Further examination of self-reported abdominal pain and abdominal tenderness findings on physical examination was conducted. The results were presented in table 2. Of the patients without self-reported abdominal pain and abdominal tenderness on physical examination, a significant number of positive CT scan results (14.2%, n=50) were recorded. Furthermore, a small but clinically significant portion of patients with seemingly benign abdominal findings underwent exploratory laparotomy and splenectomy after non-operative splenic salvage failed due to hemodynamic instability (1.1%, n=4) (see table 3 for details on mechanism of injury, intra-abdominal findings, and outcomes). Of the patients with positive self-reported abdominal pain and abdominal tenderness on physical examination, positive CT findings were noted in 40.6% (n=53), exploratory laparotomies were undertaken in 19.7% (n=26), and positive surgical findings were noted in 15.9% (n=21).

Table 2

Factors associated with having abdominal pain findings

Table 3

Surgical findings among the patients presenting without self-reported abdominal pain or abdominal tenderness on physical examination

Discussion

The utility of the history and physical examination in the evaluation for IAI in patients with BAT has been widely debated. It is understandable that patients with BAT with distracting injuries or AMS would warrant a CT scan due to the inability to safely exclude IAI.12 However, in patients with normal mentation and without distracting injuries, little evidence exists assessing the correlation between self-reported abdominal pain and abdominal tenderness findings in comparison to IAI noted on CT imaging or during exploratory laparotomy findings in patients with BAT.

In the current investigation, a portion of patients with BAT presenting to our institution did not report abdominal pain or have abdominal tenderness on initial evaluation. These patients were seemingly non-critical as evidenced by their ISS and GCS. However, 14% of these patients with BAT with benign history and physical e had evidence of IAI on CT imaging. Most notably, 1.1% (n=4) of patients without self-reported abdominal pain or abdominal tenderness on examination ultimately underwent an exploratory laparotomy and splenectomy (table 3). These patients exhibited evidence of abdominal free fluid and solid organ injury on CT scan. Non-operative splenic salvage failed after these patients subsequently experienced hemodynamic instability within hours after arrival and splenectomy was undertaken. In one of these cases, splenic embolization had been planned; however, the patient became hypotensive while awaiting the procedure and subsequently underwent a splenectomy. In the other three cases, the patients experienced hemodynamic instability shortly after arrival to the trauma center. As such, splenic embolization was deferred and splenectomy was undertaken.

The explanation for the seemingly benign presentation in this subset of patients is likely multifactorial in nature. It may be explained by the fact that fresh blood is not a significant noxious stimuli initially and only after cell lysis occurs later in a patients clinical course do mechanosensitive pain receptors become activated.32 Additionally, the retroperitoneal nature of the spleen and lack of peritoneal irritation from spilled enteric contents and biliary material has been cited as a potential mechanism contributing to the occasional paucity of abdominal examination findings in similar cases of IAI.12 In these four patients with splenic injuries that did not have abdominal pain or tenderness, their IAI may have been missed without a CT scan.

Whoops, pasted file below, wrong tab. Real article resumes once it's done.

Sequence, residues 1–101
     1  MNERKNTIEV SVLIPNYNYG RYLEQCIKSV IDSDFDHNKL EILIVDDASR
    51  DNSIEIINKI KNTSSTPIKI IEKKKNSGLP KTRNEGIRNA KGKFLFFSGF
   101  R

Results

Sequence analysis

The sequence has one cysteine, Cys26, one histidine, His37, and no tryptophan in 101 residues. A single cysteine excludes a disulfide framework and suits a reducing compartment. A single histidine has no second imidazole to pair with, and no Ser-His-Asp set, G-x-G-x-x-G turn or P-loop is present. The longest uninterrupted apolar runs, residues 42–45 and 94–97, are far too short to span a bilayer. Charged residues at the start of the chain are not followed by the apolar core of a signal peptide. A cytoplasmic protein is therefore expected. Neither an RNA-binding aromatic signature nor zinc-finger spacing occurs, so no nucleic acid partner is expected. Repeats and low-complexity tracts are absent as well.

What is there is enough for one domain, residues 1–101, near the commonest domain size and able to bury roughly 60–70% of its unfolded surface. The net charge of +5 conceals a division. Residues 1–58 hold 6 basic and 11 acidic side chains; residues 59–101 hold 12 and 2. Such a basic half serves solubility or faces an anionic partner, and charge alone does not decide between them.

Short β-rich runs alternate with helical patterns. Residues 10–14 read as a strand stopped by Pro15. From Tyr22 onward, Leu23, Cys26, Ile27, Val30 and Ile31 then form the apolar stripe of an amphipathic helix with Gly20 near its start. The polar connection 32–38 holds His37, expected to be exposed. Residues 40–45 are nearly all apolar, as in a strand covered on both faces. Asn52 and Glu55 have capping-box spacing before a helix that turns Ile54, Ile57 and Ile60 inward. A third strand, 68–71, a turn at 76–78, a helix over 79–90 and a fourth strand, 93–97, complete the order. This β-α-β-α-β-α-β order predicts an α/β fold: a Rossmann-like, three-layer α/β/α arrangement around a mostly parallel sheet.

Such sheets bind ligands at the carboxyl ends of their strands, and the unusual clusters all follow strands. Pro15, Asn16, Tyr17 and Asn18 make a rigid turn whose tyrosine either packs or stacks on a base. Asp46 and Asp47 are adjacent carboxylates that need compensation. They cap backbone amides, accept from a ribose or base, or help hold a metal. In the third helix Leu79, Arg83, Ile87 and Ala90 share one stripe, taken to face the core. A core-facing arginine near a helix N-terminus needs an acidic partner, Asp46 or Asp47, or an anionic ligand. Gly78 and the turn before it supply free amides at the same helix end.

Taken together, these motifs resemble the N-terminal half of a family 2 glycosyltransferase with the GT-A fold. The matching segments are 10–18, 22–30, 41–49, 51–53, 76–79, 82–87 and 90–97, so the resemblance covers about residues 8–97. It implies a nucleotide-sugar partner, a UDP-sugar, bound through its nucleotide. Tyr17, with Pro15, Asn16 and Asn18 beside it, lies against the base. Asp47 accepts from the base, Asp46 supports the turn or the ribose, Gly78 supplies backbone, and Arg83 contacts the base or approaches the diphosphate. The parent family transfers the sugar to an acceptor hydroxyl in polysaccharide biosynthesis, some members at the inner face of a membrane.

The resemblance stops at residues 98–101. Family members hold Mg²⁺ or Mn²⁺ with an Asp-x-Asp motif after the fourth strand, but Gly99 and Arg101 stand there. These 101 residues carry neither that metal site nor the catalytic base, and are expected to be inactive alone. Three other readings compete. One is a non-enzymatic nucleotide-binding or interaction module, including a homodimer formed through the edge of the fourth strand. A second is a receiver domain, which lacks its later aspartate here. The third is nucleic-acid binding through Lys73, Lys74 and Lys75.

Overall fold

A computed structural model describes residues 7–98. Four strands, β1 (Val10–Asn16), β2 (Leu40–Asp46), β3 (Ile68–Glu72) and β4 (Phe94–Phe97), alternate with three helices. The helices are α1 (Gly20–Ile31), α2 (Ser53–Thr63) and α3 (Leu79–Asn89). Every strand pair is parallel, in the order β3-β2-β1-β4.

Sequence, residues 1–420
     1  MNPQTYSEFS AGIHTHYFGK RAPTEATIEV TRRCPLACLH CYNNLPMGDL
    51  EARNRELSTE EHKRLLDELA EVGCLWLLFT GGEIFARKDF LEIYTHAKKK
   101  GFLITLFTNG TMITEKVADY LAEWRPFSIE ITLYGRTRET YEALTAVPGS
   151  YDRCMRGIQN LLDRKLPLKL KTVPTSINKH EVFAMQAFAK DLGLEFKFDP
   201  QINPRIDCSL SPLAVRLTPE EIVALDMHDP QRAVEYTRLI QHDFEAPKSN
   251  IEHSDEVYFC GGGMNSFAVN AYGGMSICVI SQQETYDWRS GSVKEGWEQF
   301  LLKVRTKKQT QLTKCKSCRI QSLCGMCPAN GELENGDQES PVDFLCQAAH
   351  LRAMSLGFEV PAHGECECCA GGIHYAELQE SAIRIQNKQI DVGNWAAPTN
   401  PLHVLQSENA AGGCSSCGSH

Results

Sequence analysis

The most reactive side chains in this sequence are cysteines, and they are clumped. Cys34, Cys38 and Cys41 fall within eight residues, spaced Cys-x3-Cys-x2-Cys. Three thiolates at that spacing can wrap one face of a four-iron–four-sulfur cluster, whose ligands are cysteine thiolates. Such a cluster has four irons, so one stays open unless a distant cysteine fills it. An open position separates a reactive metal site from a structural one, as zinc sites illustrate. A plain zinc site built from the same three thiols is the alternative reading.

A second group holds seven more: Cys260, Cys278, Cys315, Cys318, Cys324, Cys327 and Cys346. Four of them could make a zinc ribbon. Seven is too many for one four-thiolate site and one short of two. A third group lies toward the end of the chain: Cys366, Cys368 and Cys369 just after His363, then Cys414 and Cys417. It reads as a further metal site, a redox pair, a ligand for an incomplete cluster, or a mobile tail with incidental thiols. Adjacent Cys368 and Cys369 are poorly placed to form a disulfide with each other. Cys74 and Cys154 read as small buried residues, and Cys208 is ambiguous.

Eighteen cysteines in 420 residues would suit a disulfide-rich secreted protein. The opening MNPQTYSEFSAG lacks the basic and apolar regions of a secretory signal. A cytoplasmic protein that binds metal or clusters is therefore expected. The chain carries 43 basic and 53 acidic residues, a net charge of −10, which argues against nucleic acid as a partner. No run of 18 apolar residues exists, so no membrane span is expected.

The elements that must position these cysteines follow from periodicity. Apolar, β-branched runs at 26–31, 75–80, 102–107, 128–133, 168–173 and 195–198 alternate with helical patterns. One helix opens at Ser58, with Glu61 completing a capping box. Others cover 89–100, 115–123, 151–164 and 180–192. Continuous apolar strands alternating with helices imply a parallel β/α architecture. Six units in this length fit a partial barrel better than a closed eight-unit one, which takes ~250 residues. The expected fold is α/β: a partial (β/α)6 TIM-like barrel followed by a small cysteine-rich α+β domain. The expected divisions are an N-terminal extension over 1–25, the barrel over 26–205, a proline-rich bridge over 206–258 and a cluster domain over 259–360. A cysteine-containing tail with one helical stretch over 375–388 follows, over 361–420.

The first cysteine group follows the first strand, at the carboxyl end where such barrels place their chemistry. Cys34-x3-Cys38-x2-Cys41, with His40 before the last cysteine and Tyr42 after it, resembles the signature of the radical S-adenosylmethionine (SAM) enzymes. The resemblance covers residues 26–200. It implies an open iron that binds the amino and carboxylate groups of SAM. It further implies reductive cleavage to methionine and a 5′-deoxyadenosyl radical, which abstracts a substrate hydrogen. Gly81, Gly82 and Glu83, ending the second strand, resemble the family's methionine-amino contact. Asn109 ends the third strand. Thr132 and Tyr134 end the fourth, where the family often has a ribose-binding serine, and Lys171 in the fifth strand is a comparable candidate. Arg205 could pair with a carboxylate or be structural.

Few similar studies exist assessing the accuracy of reported abdominal pain and abdominal tenderness findings on physical examination in patients with BAT. Livingston et al completed a large, multi-institutional study of 2299 patients which concluded that although abdominal tenderness made the presence of IAI more likely, 19% of patients with no abdominal tenderness had IAI on CT imaging.14 Ferrera et al noted that among 142 patients without self-reported abdominal pain or findings of abdominal tenderness on physical examination, 10 patients (7%) were found to have IAI on CT imaging.12 One patient expired in the operating room. Of note, all 10 patients in this study had extra-abdominal injuries.12 In another investigation, among 23 patients with isolated BAT and no abnormal abdominal examination findings, seven (30%) were found to have IAI on CT imaging.4 Four (17%) subsequently underwent exploratory laparotomy and injuries noted included intestinal perforation and splenic rupture.

In contrast, a study that assessed 703 hemodynamically stable patients with BAT with negative abdominal exams and no extra-abdominal injuries found that only three (0.4%) of these patients had evidence of IAI on CT.24 These three cases were managed conservatively. Authors from this study suggested that patients with BAT fitting this profile could be safely discharged without adjunctive evaluation with CT or diagnostic peritoneal lavage.24

Despite this evidence, conflicting information still remains that demonstrate that a proportion (1.1%–17%) of seemingly non-critical patients with BAT with normal initial exams ultimately underwent potentially life-saving surgical intervention (though provider-dependent differences may have impacted the accuracy of these compiled findings from our study and other studies).4 12 The four patients in this study underwent splenectomy on hospital day 1 after failed non-operative management (table 3). If the history and physical examination were to be utilized in isolation with this group of potential surgical candidates, this small but clinically significant percentage of patients with BAT with IAI would be at significant risk for a delay in surgical intervention that may result in increased morbidity and mortality.6 8